1.Overview 2.Requirements of the specification 3.What are unequal spaces? 4.Investigating unequal spaces 5.Ideas for fieldwork 6.Research on unequal spaces 7.Making it work for the exam CONTENTS Click on the information icon to jump to that section. Click on the home button to return to this contents page
1. Overview Unit 2 has four components, but you are only required to study two of these. In the 75 minute exam you answer one question based on your two chosen topic areas. This means there is no choice. This exam is designed to test both knowledge and understanding of geographical concepts as well as geographical skills. Fieldwork, research and the enquiry process lie at the heart of this exam. The most important ways of ensuring the highest possible grades in this module is (i) being able to focus on the question set, (ii) to be able to use resources effectively, and (iii) to get your fieldwork in a form that works for the exam. UNIT 2: The Paired Options –you only study one in each pair! The ‘Physical’ Pair 1.Extreme Weather 2.Crowded Coasts The ‘Human’ Pair 1.Unequal Spaces 2.Rebranding
UNIT 2 – Assessment overview and structure Normally the first part of each question starts with a data stimulus element. The fieldwork and research elements are related directly to work you have carried out during a field trip AND may involve questions about how you processed, interpreted etc what you found. The remaining question is more management and issues based. Here case study knowledge will be required. The data stimulus in unlikely to be the 15 mark question Data stimulus with an analysis element is possible
1. Recognising that inequality is all around Inequality is really uneveness – the ‘haves’ and the ‘have nots’. In geography we are often concerned with patterns of inequality at a range of scales.
Unpacking the idea of unequal spaces: different types of inequality Inequality exists as the distribution of resources, wealth and opportunities is not evenly spread. In other words, how easy or difficult it is to get access to resources etc. Different groups will find it easier or harder to access certain resources. Economic inequality Uneven distribution of wealth Access to financial resources Social inequality Access to housing, healthcare Education, employment Environmental inequality Different types of environments with varying qualities / appeal Technological inequality Access to technology, e.g. fast broadband, computers etc
Processes leading to inequality? Some social groups are disadvantaged due to lack of services in an area, e.g. Access to healthcare Access to services Poverty, poor housing and social exclusion can create a downward spiral leading to a reduction in quality of life Quality of life Economic opportunity and access to assets / resources may be controlled by local employment, education, crime, skills + social background Economic opportunity Many of the processes leading to inequality are interlinked
Recognising inequality in Sheffield: an example A recent report from the University of Sheffield illustrates how the city if very divided The distribution of the poorest people tends to be most concentrated in the central and eastern areas of the city Highest levels of educational attainment (average KS3 score) are in the far south and west of the city. These are the more affluent areas.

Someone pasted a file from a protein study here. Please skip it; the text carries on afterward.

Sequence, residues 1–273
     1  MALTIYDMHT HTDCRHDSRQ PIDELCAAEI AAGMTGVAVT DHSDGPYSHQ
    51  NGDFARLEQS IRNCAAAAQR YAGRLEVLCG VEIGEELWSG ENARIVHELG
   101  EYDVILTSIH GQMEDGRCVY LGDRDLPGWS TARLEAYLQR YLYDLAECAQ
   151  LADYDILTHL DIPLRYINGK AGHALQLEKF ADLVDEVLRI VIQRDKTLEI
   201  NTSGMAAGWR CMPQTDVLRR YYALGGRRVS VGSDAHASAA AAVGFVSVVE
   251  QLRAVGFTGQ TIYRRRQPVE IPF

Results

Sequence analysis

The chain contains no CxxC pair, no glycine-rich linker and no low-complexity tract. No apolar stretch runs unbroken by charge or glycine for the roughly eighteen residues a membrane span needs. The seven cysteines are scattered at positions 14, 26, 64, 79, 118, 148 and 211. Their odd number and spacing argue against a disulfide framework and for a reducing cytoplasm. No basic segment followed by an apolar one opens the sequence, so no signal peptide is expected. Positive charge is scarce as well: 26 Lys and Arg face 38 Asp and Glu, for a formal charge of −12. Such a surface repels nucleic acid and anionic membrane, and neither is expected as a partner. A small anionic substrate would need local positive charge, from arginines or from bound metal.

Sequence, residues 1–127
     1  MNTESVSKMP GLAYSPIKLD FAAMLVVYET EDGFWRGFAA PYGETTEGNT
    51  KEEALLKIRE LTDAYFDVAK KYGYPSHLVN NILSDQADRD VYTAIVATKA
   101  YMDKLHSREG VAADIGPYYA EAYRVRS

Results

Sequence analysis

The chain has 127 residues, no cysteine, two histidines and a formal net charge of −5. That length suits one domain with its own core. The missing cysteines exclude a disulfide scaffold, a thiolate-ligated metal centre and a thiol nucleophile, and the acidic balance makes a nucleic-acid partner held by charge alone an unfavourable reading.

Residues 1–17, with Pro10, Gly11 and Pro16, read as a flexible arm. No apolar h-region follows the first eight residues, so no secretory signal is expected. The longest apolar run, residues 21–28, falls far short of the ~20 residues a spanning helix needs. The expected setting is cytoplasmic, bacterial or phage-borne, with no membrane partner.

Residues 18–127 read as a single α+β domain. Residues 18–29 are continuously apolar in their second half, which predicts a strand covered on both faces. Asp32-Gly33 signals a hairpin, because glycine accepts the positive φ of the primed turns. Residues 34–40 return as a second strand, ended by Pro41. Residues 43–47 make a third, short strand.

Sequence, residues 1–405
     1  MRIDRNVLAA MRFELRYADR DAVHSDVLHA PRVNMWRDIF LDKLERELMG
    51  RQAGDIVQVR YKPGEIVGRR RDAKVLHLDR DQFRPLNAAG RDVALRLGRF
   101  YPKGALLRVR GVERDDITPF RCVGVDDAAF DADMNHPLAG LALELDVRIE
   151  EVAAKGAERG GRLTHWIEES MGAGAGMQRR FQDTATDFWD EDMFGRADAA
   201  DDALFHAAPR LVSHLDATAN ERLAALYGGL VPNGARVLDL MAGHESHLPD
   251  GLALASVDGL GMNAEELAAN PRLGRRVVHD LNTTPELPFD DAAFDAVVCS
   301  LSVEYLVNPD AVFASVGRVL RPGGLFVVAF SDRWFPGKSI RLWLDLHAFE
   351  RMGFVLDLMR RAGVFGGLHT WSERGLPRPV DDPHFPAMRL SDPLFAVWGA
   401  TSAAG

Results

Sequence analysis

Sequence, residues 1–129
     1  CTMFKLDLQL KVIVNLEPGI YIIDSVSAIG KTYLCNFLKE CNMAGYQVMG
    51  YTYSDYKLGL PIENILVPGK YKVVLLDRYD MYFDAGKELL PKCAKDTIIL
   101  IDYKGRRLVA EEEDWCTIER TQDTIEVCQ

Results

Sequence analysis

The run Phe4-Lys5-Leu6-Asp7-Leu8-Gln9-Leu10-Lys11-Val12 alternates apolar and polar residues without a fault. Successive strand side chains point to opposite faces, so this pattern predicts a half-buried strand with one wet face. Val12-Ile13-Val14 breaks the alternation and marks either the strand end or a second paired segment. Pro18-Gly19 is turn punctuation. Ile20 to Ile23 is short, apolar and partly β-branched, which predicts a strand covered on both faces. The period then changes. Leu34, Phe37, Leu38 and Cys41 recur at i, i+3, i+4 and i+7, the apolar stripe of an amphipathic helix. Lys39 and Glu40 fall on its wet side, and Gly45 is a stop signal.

2. Inequality for whom? Inequality, social exclusion and polarisation (increasing differences between different parts of society) can be divisive and socially damaging At the global scale there is much inequality with Mexico at the top of the league. Britain's inequality is well above the average for OECD nations, far greater than Sweden, Denmark, Holland, France or Germany s_inequality_iniquitous.html
Comparing cost of living inequalities for different types of rural areas It is generally accepted that the cost of living in rural areas is more expensive than urban areas. This data, however shows how living in a hamlet is more expensive than living in a rural town. Additional transports are mostly to blame. Source – Joseph Roundtree Foundation report on rural inequality The table shows - Additional weekly rural costs for rural household types, compared with UK average: cash difference and rural cost as percentage increase on corresponding urban budget (excluding housing costs and childcare). “A family with two children in a village requires nearly £60 a week more to achieve the same minimum living standard as an urban family, adding 15 per cent to the budget.” Annual household mileages for different rural areas and people
An example: the digital divide in Britain Source 008/may/22/internet.digitalmedia One area where there is considerable inequality in the UK is the availability of cable digital TV and high speed broadband. Availability is controlled by geographical remoteness and population densities The digital information and communications sector is one of the sectors in the economy, alongside energy and financial services, upon which the whole of the economy rests. The average British adult spends almost half of all their waking hours using the services of the communications sector or browsing, watching or listening to the audio-visual content it distributes.